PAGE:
Sunday, November 1, 1998
By Somnath Dhar
YOGA has emerged as an international buzz word and is practised practically all over the world in one form or the other. Clubs have been started, teachers appointed and classes are held for the more dedicated learners. Yet it was not always so. Not even in India. Those with a yearning for yoga were few and were generally treated as being out of step with the general style of life. So was the case with me until a chance assignment hooked me on to it. The interesting story goes back to my days as a staffer in Hindustan Times, in 1950. I had reviewed some books on yoga in the paper. Swami Sivananda read the reviews. He liked them and invited me to his ashram at Rishikesh. Staying in the idyllic surroundings of the famous ashram was to me the fulfilment of a dream.
Rising up early in the morning, I joined a group in doing Pranayama and prayer. This was followed by practising yoga asanas for about an hour. Then followed joint prayer and meditation. Instructions regarding both were given clearly and were easy to follow. The routine was all the more easy for me as I had read earlier Swamijis book on yoga asanas (This book went all over the world later via the Divine Life Society. Its branches were opened in the capitals of the East and West. These are still functioning under the same titles as vouchsafed by Swamiji).
In my own small way, I have carried on Swamijis mission. Whether I am in Delhi, or in some other city of the country, I see to it that I spread the message of Swamiji. I teach friends yoga asanas. Sometimes I go to their places or they come to my residence.
In the case of Giani Zail Singh, who was then President of India, I went to Rashtrapati Bhavan. He told me that he used to feel fagged out at the end of the day. I instructed him as to how to do the Shaiva asana (the death pose). This asana is more mental than physical. One has to use the mind, and begin the relaxation with the toes, then the calf muscles, then those of the upper and the lower arms, of the hand, of the neck and of the face. I asked him to take care that the organs of the abdomen, the heart and the thorax as well as the brain are also relaxed. "Also, Sardarji," I added, "meditate peacefully for 15 minutes, after closing the eyes". He did as he was told. Zail Singh felt completely relaxed.
Reverting to the main topic, I carried on this routine, rather, self-imposed mission when I was abroad, posted as a diplomat in Kuala Lumpur, San Francisco, Ankara and Karachi. I have interesting reminiscences. I would get to know the people interested in yoga in cocktail and other receptions. During most of these occasions, they would find me, carrying on with a drink for an inordinately long time! They could tell that I was holding the drink, just for the sake of keeping their company.
Going down memory lane, I recall a reception at the Buckingham Palace when a tall bearer joined our group with a trayful of drinks. I asked him; "Where is the table, please?" I went there and took a small dose of whisky and mixed with it a lot of soda the one that had not been immersed in ice. It was a drink that I would show off for an hour or so. Wines, I did not mind, whether white or red: These went with respective dishes, and were, I think, good for health. While the dinner went on, I would look out for the ones interested in yoga, and fix appointments with them, at their or our residences. They would invariably drop in for yoga learning session. I found Americans very interested in learning and practising the asanas. One evening, an American, at a reception in San Francisco, offered me $ 20. "Whatever for?" To my surprised query, he replied; "Your fees, sir. You taught me so well and I and my wife have benefited a lot from the deal". I said smilingly: "Thanks a lot, my dear friend. My government pays me ample salary. I practice yoga as a hobby". He accepted my rejoinder happily. We parted on that note. A day or two later, he telephoned; "May I come and bring along my children?" I agreed. It was indeed a pleasure to teach the little youngsters, a boy and a girl.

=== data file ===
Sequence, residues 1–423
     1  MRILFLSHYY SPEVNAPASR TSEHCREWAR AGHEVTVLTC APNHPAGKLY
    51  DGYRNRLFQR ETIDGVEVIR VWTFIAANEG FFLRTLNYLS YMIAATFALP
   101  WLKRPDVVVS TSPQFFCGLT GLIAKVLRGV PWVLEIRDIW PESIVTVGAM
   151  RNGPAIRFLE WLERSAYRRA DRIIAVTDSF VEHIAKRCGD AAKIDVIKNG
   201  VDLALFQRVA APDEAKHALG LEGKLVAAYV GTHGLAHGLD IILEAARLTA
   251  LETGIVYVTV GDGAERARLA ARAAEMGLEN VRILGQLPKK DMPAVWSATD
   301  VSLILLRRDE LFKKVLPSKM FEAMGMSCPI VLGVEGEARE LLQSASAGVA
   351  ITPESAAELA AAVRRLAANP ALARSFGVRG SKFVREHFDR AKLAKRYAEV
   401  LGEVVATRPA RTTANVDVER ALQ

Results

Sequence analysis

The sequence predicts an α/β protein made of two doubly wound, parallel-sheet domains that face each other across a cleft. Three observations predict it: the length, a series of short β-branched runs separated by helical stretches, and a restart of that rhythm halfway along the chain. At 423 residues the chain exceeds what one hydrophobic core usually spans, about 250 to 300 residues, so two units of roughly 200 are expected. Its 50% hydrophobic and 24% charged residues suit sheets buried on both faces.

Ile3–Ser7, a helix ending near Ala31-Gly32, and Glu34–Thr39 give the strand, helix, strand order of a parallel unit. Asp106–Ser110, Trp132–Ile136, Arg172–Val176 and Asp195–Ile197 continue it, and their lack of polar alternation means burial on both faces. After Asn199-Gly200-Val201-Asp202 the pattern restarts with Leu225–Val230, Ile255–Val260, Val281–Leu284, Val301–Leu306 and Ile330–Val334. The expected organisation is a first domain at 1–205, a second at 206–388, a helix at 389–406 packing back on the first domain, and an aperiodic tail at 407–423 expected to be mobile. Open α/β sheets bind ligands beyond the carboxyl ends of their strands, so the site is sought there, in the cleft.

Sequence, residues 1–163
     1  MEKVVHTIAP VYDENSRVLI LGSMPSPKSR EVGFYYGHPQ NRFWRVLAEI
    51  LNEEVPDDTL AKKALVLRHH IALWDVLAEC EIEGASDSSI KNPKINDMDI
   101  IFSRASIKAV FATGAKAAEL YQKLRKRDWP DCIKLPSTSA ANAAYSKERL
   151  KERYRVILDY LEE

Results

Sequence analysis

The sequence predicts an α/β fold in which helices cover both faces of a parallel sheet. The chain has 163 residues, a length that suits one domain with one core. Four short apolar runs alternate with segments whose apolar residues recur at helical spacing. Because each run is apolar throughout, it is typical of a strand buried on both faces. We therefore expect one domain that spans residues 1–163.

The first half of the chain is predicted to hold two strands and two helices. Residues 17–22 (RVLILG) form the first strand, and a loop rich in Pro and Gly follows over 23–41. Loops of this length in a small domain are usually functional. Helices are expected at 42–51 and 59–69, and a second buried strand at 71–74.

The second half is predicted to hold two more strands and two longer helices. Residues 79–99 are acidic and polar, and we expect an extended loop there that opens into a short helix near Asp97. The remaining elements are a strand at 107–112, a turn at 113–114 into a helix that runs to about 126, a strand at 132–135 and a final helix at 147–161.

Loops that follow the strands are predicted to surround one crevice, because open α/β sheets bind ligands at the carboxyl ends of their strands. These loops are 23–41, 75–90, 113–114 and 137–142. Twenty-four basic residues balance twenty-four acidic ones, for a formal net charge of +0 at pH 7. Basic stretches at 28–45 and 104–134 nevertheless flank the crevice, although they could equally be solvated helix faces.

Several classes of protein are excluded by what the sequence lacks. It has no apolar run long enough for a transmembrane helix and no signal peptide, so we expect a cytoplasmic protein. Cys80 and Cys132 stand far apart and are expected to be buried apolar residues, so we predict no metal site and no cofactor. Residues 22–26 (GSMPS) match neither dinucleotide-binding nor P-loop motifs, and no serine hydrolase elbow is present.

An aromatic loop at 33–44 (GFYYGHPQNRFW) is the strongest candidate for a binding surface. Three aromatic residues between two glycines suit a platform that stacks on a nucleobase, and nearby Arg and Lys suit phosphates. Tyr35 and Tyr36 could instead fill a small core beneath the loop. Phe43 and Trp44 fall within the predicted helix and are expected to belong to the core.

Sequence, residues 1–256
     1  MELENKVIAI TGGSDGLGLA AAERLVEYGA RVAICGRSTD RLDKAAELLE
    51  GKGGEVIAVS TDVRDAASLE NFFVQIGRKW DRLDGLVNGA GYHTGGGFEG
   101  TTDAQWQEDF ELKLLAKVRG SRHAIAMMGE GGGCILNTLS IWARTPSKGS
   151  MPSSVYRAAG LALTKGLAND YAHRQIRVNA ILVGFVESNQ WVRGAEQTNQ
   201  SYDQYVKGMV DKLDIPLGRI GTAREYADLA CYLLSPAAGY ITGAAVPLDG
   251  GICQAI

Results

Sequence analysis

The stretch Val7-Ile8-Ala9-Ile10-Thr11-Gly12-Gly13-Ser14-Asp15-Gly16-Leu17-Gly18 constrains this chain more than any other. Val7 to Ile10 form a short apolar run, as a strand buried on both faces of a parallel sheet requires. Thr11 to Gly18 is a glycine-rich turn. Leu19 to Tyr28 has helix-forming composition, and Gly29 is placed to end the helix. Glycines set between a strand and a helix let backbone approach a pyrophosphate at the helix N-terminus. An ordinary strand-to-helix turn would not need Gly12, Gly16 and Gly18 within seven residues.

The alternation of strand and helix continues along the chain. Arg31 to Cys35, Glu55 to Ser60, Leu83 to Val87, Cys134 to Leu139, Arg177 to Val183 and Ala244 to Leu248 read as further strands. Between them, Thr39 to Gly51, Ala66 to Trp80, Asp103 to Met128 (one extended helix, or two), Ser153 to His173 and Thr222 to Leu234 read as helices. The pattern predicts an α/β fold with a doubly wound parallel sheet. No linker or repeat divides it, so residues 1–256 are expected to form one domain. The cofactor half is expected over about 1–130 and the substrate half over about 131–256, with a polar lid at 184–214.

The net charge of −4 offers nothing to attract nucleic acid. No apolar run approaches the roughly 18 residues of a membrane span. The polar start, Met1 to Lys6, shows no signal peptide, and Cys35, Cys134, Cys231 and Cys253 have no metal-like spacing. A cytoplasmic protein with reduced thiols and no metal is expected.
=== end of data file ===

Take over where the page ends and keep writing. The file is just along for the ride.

In Karachi, an Indian colleague, a Muslim, was practised yoga, i.e., the asana part. We shared a garden. In the morning, he would offer his Nimaz, sitting on his knees on a prayer mat; Nimaz itself has some elementary yoga postures. He would do the yoga asanas after the Nimaz. Whatever asana he could not do quite well, I had taught him. It was all hunky dory until I got to know that the red flush on his face was not entirely due to his morning yoga routine. You know, even Caesars wife could not keep a secret! His wife told my wife that Nazir Hussain would consume a lot of hard liquor at an evening reception, or even when he was alone at his residence. I had to leave it at that, for when I tried to advise him, he brushed me aside, almost rudely. He was steadily going downhill. I got posted to San Francisco. There, after a year or so, we received the sad news that Nazir Sahib was no more. Well, well, yoga and Bacchus cant mix!
In Malaysia and Ankara, I
found quite a few Muslims genuinely interested in yoga,
i.e., the exercise part, not the meditation or Pranayama
part. Whatever the quantum of interest evinced by the
friends, I built on it. Retiring from Foreign Service, I
settled in Delhi, but kept on travelling off and on. I
became a vegetarian, after I visited the Brahma
Kumaris ashram at Mount Abu (Rajasthan) in
1971, this helped me as well as my disciples,
none too few. Ever since, I have converted carcass
eaters (Bernard Shaws characteristic term for
meat-eaters) by the score every year, to become
vegetarians. I keep a record of my successes, just as I
tabulate facts and figures about the good people whom I
persuaded to give up smoking. As for the new vegetarians,
I made them adopt the yoga asana routine, taking
on the intricate poses too, as well as meditation and Pranayama.
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